Every society has its myths. Foundation myths not only explain how the culture came to be, but also why they are God’s special people. Up until a couple of decades ago, Americans were taught in grammar school about the Pilgrims, religious liberty and the founding of the world’s first representative democracy. Other myths justify the existing order and the traditions of the people. In the West, this means believing in the equality of man, natural rights and so forth. Myths are a necessary part of who we are.
In America, politics, popular culture and policy debate all start from the assertion that all people are equal at birth. Everything about a person is determined by environment. Even things like heart disease, cancer, and body type are negotiable, despite science saying otherwise. Of course, sex and race are ruled irrelevant. Any differences between the sexes or races is assumed to be a carryover from past sins in the culture. Public policy in areas like education are aimed at eradicating these cultural shadows.
As is always the case with religion, myths and belief, science tends to be an enemy. The HBD folks have done yeoman’s work popularizing and expanding on ideas percolating up from the sciences, particularly genetics and evolutionary biology. Still, it is a small collection of people that follow this stuff and even a smaller group that think public policy should reflect the new knowledge. Superstition is the rule, but if you are the least bit optimistic, then stories like this one should give you some hope.
Enter Mihai Netea, an immunologist at Radboud University Nijmegen Medical Centre in the Netherlands. He realized that in his home country, Romania, the existence of two very distinct ethnic groups provided an opportunity to see the hand of natural selection in the human genome. A thousand years ago, the Rroma people—commonly known as gypsies—migrated into Europe from north India. But they intermarried little with European Romanians and thus have very distinct genetic backgrounds. Yet, by living in the same place, both of these groups experienced the same conditions, including the Black Plague, which did not reach northern India. So the researchers sought genes favored by natural selection by seeking similarities in the Rroma and European Romanians that are not found in North Indians.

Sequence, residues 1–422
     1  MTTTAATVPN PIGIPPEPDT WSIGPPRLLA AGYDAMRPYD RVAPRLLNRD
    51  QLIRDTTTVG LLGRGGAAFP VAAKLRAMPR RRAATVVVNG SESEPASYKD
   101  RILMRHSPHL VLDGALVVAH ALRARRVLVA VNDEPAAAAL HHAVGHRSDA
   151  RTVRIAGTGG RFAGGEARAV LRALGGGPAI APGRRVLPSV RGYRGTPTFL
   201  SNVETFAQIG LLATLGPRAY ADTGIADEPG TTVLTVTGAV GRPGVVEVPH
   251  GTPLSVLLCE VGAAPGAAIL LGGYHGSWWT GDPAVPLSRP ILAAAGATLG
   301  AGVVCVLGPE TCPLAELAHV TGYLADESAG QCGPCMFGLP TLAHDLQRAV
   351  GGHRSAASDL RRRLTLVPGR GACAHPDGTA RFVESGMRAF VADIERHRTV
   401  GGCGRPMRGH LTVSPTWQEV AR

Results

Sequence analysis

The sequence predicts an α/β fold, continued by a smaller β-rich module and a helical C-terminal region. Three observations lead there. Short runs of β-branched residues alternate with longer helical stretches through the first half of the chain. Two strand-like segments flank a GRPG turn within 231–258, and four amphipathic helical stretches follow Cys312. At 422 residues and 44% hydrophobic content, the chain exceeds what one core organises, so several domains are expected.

Netea; evolutionary biologist Jaume Bertranpetit of Pompeu Fabra University in Barcelona, Spain; and their colleagues looked for differences at more than 196,000 places in the genomes of 100 Romanians of European descent and 100 Rroma. For comparison, the researchers also cataloged these differences in 500 individuals who lived in northwestern India, where the Rroma came from. Then they analyzed which genes had changed the most to see which were most favored by selection.
Genetically, the Rroma are still quite similar to the northwestern Indians, even though they have lived side by side with the Romanians for a millennium, the team found. But there were 20 genes in the Rroma and the Romanians that had changes that were not seen in the Indians’ versions of those genes, Netea and his colleagues report online today in the Proceedings of the National Academy of Sciences. These genes “were positively selected for in the Romanians and in the gypsies but not in the Indians,” Netea explains. “It’s a very strong signal.”
Now, why should Gypsy resistance to the plague matter? Well, as a cultural matter, it does not. What matters is the free and open discussion in a mainstream science journal about genetic differences in human populations. If genes matter in disease resistance, there’s no denying they matter in other areas. More important, if observable differences are genetic, then there is little point in arguing for environmentally based antidotes. That would be like trying to talk someone out of having cancer.
Now, there are plenty of these turning up every week and that supports for the above point. What’s important here is the casual discussion of gypsies, a protected class in Europe. Even though everyone hates them, no one is allowed to mention them. They are not quite on the level of American blacks, but they enjoy a similar status. When geneticist feel free to study and report on protected classes, then maybe the Overton window is moving in the direction of rationality. Even a little movement is a miracle.